You can always find a way to mention Allah and discuss him or talk about Islamic manners. For example, when you are out walking and you feel a gush of wind you can talk about how Allah made the wind or when you are home watching TV with your child and they are talking about something like dinosaurs, you can mention something like, ” Isn’t so amazing how Allah made those dinosaurs?” or ” Did you know that animal is mentioned in the Quran?”. You can touch a leaf or a stick and say something like ,” See how Allah made some things rough and some things smooth?” or ” Isn’t it amazing that Allah is the only one who made all of these things ?”. The possibilities are endless. When you pick situations that really interest them, it will really stick to them.

6) Activities and Play

There are numerous crafts related to Islam on Pintrest or Instagram. You don’t even necessarily have to pick a special ,     “Islamic craft”, you can choose any craft and find a way to make a religious lesson out of it. During play time you can get down on the floor with your kid and try to find a way to make one of the figurines do something in an Islamic manner like helping the other figurines. You can even use activity and play time to just play the Quran and Islamic songs. Again, the possibilities are endless with this , just use your best judgement.

7) Make a Huge Deal out of Islamic Holidays

Explain the holidays to them. Create your own traditions and fun activities. This will be a nice way for them to learn their identity as Muslims as well. I have a few new things I am planning this year for Ramadan and the Eids. I will make a separate post about that.

8) Attend Islamic Events or simply take them to play at a mosque playgrounds

Check your local mosque or Facebook pages for things like Muslim moms groups, play dates, kids activities, or even simply take them to a mosque playground. This will give them a connection to the Islamic community. They will also get a chance to experience the diversity of Islam.

9) Put Emphasis on Islamic phrases 

I always make sure that my sons hear the phrases, ” Salam Alaykum, Bismillah”, ” Alhamdulilah” , “Allahu Akhbar etc. Honestly, at first these phrases didn’t come naturally for me all the time. Therefore, I had had to push myself to use them more. Making sure my kids hear them, has motivated me a lot as well.  I’ve discovered that using puppets is a very effective way for them to learn these phrases as well. You can create any scenario and use it as a learning tool.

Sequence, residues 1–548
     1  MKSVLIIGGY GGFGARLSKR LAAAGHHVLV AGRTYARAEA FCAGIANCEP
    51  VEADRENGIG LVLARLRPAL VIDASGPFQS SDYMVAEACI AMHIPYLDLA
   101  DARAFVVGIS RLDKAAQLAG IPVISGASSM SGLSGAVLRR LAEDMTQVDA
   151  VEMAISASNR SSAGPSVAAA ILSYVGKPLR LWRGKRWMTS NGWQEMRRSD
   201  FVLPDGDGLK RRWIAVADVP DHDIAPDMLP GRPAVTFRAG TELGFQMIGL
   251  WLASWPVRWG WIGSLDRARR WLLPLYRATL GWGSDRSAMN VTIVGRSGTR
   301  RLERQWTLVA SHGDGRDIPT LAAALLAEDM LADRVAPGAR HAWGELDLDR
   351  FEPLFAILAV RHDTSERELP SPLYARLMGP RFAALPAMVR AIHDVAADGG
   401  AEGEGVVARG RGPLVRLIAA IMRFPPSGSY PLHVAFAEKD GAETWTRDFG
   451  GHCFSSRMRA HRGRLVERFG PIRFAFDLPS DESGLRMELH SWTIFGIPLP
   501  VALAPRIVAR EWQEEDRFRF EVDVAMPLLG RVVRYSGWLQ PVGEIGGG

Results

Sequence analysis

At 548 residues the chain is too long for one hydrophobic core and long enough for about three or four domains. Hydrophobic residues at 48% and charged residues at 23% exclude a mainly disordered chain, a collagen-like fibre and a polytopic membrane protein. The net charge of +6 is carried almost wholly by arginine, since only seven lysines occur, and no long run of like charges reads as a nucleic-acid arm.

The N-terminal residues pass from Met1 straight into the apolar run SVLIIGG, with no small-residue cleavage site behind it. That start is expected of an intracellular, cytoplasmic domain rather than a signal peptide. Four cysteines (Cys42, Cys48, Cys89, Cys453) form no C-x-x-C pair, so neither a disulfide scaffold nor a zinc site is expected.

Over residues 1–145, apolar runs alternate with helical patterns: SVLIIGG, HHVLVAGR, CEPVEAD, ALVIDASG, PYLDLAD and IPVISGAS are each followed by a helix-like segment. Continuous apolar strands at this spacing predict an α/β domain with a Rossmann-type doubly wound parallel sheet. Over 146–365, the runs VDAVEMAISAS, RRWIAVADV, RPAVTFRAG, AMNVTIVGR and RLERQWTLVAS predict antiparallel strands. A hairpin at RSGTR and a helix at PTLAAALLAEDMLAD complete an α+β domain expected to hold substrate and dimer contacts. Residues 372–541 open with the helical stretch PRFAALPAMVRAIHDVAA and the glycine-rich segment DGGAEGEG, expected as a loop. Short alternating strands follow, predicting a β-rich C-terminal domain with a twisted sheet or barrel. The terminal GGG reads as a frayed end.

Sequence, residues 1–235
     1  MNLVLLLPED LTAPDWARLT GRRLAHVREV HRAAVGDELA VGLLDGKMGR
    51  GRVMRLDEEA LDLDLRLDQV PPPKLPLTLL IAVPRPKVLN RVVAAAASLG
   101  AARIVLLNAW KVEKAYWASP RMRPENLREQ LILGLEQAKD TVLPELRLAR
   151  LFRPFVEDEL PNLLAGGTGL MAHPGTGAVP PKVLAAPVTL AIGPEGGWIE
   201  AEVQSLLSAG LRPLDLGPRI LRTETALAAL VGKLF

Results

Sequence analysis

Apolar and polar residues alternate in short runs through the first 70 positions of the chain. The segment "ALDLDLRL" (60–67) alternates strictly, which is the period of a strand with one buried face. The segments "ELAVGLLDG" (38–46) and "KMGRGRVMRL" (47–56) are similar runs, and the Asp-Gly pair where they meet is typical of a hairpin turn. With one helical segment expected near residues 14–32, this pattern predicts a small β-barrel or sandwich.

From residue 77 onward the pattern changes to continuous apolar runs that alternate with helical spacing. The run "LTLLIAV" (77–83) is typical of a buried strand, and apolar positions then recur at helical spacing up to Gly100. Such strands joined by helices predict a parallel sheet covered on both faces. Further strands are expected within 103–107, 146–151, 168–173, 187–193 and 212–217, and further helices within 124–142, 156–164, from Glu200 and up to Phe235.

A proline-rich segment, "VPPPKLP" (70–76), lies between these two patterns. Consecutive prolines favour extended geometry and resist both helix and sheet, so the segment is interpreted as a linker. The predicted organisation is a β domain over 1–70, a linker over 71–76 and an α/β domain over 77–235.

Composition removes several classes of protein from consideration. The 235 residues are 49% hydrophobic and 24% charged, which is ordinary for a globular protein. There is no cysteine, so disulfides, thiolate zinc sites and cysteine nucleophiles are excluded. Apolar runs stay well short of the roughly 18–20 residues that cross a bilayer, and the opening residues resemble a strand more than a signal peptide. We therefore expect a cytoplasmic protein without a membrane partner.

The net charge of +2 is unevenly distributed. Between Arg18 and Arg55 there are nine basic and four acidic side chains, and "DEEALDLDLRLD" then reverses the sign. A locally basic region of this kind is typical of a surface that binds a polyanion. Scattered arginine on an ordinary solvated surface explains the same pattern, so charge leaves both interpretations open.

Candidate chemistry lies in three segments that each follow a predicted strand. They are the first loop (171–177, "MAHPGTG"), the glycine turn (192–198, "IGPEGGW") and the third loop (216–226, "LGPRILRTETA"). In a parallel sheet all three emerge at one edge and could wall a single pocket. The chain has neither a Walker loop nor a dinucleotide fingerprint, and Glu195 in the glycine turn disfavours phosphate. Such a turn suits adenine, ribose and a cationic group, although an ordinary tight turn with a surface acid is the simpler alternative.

10) Ask other parents 

Never feel to shy to ask what other parents do with their families. I have learned so much from other parents on this topic.  There are also numerous blogs, Instagram and Pintrest pages created by parents to help others come up with some ideas and offer support.








5 thoughts on “Teaching My Children About Islam as a Convert

  1. Dear Anjuli,

    This blog is really amazing and I’m looking forward seeing your new posts!
    Carry on the good job, wishing for you all best 🙂
    Proud of you 😉


  2. Salaam dear Anjuli,

    I came across your blog via Instagram and I saw your comment on Rebecca Minors post. What made me interested in your blog was that we share somewhat similar backgrounds. Both my parents were converts from the Sikh and Hindu religion and they were closet muslims.
    It was in my 20s when I start to rediscover Islam and Alhamdulilah paved my way to where I am today. I truly enjoy your blog posts especially being a new mom myself. Your posts seems to speak to me.

    Another thing we have in common is that we are residing in South Carolina. I moved to Greenville 5-6 years back. Please continue blogging as I find it inspiring, motivating and educational.

    Your sister in Islam,

    Liked by 1 person

    1. Walaykum Salam! I am so very sorry that I am replying to your post so late. I had no idea that you left me a comment. It’s so kind of you to leave me this sweet comment. It means so much to me. You sound like someone who I would really love to connect with . Please message me. Thanks for your support.